The do not's of packing: - do not bring stuff you barely wear, if you don't wear it at home you probably wont't wear it abroad - do not forget to weigh your luggage and check the baggage allowance - do not overpack (I am a shopaholic sometimes and overpacking would mean I couldn't buy as much) - do not pack excessive amounts of toiletries, you can buy those there and will probably need to restock a couple of times anyways
- Would it be helpful to learn another language for this exchange?
English has been entrenched as the de facto language of Australia so you don't necessarily have to learn another language for this exchange. However, it would be helpful to look up some Australian lingo, as there was many words/slangs I had never heard of before. For example, new friends had asked me to go out for a 'frothy'. I had no idea what they meant at first but soon learned this meant to go out for a beer, I quickly said yes and off we went! Also if you live for caffeine like me, be prepared to be blown away with the different types of coffee you can get. Also, be prepared to learn how to ask for your typical order while abroad, I drink black iced coffee and learned after trial and error I have to ask for a "long black on ice".
- What role did language and communication (verbal and non-verbal) play in fostering an appreciation for a different perspective?
Language and communication played a pretty big role in fostering appreciation for a different perspective, especially non-verbal communication cues. Being from another country I was obviously being introduced to many new things and ideas, which generated many questions. When people were answering those questions I made sure to face them and pay attention, not interrupt, be engaged in conversation and ask for clarification if I was unsure on anything. Not only did this help me see things from a different perspective, but also showed the other person I was genuinely curious and wanting to learn.
- Did you live on-campus or off-campus? Would you recommend it, and why?
I lived on-campus and definitely recommend it. For starters, student accommodation helps you get settled in and can give you many tips to find your way around in a safe manner. On top of that, you will be surrounded by many other students (lot's of other study abroad students as well) who are all adapting to university life. There will be many events for you to socialize and make life-long friends!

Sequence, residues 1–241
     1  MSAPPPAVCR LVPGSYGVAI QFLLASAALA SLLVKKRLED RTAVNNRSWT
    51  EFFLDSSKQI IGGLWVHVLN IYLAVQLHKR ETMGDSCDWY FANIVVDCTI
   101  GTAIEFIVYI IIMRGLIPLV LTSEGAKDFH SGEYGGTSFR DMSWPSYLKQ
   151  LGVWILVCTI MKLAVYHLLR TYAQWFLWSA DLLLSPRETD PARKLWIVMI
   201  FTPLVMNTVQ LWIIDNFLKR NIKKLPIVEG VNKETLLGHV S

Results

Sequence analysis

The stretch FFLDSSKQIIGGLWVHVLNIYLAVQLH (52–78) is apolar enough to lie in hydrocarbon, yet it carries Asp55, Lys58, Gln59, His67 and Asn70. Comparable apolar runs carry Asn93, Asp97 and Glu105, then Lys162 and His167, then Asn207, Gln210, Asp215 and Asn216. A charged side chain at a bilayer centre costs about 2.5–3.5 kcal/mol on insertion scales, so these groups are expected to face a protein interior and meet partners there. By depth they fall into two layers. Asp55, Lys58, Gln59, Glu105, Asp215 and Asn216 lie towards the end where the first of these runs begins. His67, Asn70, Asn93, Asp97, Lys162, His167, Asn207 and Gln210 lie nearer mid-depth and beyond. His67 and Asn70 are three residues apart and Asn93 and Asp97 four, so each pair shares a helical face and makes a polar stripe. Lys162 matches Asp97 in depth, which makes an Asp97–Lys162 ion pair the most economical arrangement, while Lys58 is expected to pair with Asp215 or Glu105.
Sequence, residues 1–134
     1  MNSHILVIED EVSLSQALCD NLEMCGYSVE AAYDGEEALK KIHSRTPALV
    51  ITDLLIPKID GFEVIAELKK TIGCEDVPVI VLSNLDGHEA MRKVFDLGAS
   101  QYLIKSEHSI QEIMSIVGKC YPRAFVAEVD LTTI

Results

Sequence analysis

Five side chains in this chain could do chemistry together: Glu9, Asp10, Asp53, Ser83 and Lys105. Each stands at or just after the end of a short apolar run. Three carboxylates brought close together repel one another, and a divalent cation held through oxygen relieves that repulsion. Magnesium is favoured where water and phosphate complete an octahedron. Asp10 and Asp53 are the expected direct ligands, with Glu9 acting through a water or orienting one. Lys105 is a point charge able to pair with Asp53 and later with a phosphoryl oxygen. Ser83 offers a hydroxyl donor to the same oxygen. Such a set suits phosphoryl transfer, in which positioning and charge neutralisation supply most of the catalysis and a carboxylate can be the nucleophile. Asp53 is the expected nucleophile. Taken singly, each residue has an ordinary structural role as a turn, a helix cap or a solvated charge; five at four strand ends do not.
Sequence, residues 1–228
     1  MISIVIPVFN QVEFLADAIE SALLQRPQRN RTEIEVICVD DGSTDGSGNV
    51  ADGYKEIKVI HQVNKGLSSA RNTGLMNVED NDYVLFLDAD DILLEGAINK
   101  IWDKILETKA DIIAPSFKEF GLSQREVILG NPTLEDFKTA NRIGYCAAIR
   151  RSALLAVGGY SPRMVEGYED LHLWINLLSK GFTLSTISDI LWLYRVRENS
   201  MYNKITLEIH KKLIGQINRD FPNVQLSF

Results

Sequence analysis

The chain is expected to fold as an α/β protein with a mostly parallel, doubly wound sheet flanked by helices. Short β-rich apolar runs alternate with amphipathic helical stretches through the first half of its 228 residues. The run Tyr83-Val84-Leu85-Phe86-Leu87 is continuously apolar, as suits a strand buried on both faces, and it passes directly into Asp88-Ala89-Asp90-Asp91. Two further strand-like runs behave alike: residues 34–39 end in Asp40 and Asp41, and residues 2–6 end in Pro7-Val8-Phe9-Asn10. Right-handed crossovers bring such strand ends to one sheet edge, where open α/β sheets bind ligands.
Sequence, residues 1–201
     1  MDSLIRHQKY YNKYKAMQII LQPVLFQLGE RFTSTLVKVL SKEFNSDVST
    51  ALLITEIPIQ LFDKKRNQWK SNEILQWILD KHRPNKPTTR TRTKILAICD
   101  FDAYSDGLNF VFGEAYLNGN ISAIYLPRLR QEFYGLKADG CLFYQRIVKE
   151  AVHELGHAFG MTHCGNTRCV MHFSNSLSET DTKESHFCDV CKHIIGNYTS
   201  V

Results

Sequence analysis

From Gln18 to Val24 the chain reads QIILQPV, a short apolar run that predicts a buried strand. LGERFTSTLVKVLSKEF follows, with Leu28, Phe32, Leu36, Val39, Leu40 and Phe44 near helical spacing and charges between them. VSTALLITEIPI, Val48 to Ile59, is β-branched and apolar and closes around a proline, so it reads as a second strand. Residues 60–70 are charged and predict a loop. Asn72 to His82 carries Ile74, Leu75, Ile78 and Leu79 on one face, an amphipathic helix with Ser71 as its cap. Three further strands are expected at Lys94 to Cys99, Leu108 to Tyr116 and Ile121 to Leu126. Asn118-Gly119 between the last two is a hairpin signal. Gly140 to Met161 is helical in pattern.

- How did you finance your study abroad experience?
To finance my study abroad experience I had many resources. I had started saving money in advance through my summer job and campus employment. Through U of G I was able to apply for scholarships and travel grants. One of the cool things about studying abroad, is that you are still a registered U of G student, and can still apply for OSAP.
- Are you including exchange on your resume?
I see my exchange experiences benefiting my future career as it shows future employers I embraced an opportunity and have the open mind, resourcefulness, and drive needed to adapt to a different environment and pursue my own personal goals.
- What interesting courses did you get to take while studying abroad? What was the title of the course(s)?
I had so many course options to choose from at UTAS. I study psychology and was lucky enough to take KHA336 Human Behaviour in Extreme Environments, in this course we studied the unique challenges extreme environments pose on human behaviour and how these environments influence human functioning. My professor set up a zoom call with expeditioners working in Antarctica so we could ask questions regarding their adjustment, how it is working in such an isolated area with the same group of people, challenges with gender or cultural differences. Such an interesting course!
- Is there any other helpful information you would like to share with future study abroad participants?
Embrace the opportunity and study abroad. This will be an amazing time in your life that you will cherish forever. You will broaden your horizons, make yourself more marketable to employers, bring your degree to the next level with new learning environments, develop new relationships and create life-long memories. Go abroad.